The arrows indicate secondary dominant chords, as evident in mm3-4 where V7/ii leads to ii, and in mm7-8 where V7/IV leads to IV.
Given that, we have:
E7 = V7/V, because of the arrow leading to a V7 chord. E7 is the dominant chord of A, so the chord following E7 is A7.
Similarly, since A7 is indicated as a V chord, and a I(maj7) chord follows, the latter chord is Dmaj7. The excerpt is in D Major
By the same logic, we know that E7 is the target of an applied dominant chord, which would be B7. Thus, the chord immediately preceding the E7 is B7.
Extending this across the entire chord sequence, we have:
F#7 B7 | E7 A7 | Dmaj7 B7 | E-7 A7 | V7/VI V7/II | V7/V V7 | Imaj7 V7/II | II-7 V7 | Dmaj7 B7 | E7 A7 | F#-7 D7 | Gmaj7 A7 | Dmaj7 || Imaj7 V7/II | V7/V V7 | III-7 V7/IV | IVmaj7 V7 | I || Note 1: My interpretation of the exercise is that the first chord, for example, is V7/VI. However, it also could be called V7/V7/V7/V. Note 2: That we're in D major and not D minor is confirmed by the qualities of the II-7, III-7, and IVmaj7 chords. Note 3: The (3) above the first chord is indicating that the chord is built on the 3rd scale degree of the home key.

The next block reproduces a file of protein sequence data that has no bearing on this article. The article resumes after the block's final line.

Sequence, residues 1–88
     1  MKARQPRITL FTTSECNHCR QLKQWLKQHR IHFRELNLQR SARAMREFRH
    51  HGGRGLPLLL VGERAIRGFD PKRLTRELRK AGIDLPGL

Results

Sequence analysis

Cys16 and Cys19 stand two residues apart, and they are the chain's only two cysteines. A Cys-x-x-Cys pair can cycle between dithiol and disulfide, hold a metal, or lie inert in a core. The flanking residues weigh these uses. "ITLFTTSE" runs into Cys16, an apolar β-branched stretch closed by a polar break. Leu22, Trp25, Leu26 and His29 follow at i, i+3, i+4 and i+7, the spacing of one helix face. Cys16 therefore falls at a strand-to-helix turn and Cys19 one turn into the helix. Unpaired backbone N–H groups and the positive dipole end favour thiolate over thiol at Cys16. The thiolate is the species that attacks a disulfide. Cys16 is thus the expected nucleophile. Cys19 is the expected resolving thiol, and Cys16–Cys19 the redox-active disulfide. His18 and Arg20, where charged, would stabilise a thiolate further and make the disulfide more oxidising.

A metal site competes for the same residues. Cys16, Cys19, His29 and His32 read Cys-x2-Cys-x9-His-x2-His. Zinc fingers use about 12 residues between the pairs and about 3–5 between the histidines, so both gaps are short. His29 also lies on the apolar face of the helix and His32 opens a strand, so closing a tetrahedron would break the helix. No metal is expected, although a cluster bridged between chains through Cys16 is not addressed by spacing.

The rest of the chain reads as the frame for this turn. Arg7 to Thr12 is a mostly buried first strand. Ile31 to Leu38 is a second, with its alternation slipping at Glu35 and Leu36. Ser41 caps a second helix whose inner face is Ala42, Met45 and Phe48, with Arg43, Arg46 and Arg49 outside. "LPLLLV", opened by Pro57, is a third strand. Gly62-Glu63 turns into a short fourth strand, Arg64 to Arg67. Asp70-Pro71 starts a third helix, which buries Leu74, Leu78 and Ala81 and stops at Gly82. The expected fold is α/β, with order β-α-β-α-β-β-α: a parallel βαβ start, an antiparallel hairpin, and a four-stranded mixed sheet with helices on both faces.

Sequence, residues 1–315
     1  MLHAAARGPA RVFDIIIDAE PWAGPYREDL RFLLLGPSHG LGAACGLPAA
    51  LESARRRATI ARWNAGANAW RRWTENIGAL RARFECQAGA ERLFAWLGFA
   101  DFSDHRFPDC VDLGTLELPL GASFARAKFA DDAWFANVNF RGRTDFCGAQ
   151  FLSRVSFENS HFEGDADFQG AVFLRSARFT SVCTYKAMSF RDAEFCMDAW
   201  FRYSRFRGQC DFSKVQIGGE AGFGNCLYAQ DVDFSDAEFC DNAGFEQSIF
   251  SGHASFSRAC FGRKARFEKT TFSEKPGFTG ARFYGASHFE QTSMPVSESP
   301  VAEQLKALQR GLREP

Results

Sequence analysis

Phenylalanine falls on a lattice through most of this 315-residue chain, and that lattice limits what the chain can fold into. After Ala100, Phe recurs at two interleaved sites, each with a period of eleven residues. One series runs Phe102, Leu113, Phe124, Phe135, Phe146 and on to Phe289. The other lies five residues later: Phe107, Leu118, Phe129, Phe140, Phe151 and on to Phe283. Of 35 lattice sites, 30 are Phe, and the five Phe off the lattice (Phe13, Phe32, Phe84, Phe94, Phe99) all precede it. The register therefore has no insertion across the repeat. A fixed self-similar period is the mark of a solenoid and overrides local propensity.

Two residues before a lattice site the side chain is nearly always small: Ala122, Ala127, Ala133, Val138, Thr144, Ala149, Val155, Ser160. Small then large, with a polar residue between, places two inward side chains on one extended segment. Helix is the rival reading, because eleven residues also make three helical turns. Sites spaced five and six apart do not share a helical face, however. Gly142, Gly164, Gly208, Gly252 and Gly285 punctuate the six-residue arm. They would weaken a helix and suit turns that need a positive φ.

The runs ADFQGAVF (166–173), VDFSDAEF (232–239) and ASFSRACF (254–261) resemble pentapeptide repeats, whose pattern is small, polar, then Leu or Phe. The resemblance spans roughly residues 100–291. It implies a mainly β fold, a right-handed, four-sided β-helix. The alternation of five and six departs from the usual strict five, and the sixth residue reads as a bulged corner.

This quiz probably is from a book chapter where the chapter surely must make clear what the point of the quiz is.
But just looking at the root movements, almost everything is roots by descending fifth:
V7/II II-7 V7 Imaj7 and harmonic sequence
E7 V7 Imaj7 treated as all descending fifths would be
V7/V V7 Imaj7 or
E7 A7 Dmaj7.
fill in the remainder of the chord symbols.
But something worth mentioning is another aspect about harmony, root progressions, and the clues the quiz gives. In measure 2 beat 1 you have the
E7 which we will say is in
D and labeled
V7/V, but then later in measure 4 beat 1 have have
II-7 which assuming no key change will be
Emin7. The quality of the chord changes from a dominant seventh to a minor seventh, but the root progression didn't change. It's easier to see the unchanged roots using letters: mm. 2-3
E A D and mm. 3-4
E A D. That kind of treatment of chord quality in a descending fifth progression is common. You can choose chord qualities pretty feely.
So, the chord at m.6 beat 1 is a toss up. It could be
V7/V. Same goes for the opening two measures. You could choose either dominant sevenths or minor sevenths. IMO, either would be justified with the given treatment of of root
E as either